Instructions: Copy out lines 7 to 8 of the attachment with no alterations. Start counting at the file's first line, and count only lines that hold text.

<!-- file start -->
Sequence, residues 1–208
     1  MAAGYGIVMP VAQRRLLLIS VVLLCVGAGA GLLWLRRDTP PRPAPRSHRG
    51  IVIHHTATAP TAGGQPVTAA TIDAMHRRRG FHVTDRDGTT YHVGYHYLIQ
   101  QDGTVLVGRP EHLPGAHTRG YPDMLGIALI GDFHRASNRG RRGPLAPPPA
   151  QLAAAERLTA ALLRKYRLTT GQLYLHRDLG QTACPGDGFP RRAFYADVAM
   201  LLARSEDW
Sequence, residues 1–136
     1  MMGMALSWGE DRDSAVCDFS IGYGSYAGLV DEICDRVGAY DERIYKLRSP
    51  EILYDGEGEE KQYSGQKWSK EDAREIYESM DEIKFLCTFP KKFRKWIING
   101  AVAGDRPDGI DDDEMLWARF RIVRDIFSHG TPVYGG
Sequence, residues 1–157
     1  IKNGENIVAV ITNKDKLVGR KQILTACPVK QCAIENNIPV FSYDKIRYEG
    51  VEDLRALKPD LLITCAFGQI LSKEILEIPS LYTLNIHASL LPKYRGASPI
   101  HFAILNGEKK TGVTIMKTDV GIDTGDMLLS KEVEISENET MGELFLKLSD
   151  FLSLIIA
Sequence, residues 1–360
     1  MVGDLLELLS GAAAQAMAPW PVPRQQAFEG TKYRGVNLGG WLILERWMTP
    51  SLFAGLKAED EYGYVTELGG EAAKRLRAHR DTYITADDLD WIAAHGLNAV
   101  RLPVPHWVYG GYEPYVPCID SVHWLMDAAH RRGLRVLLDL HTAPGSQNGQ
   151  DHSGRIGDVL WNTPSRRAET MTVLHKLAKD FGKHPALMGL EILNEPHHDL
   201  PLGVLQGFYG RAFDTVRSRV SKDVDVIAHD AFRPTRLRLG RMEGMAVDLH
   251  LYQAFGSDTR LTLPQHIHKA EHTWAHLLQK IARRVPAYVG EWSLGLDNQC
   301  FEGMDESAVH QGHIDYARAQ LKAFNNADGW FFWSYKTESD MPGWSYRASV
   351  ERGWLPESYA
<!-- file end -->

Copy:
Sequence, residues 1–136
     1  MMGMALSWGE DRDSAVCDFS IGYGSYAGLV DEICDRVGAY DERIYKLRSP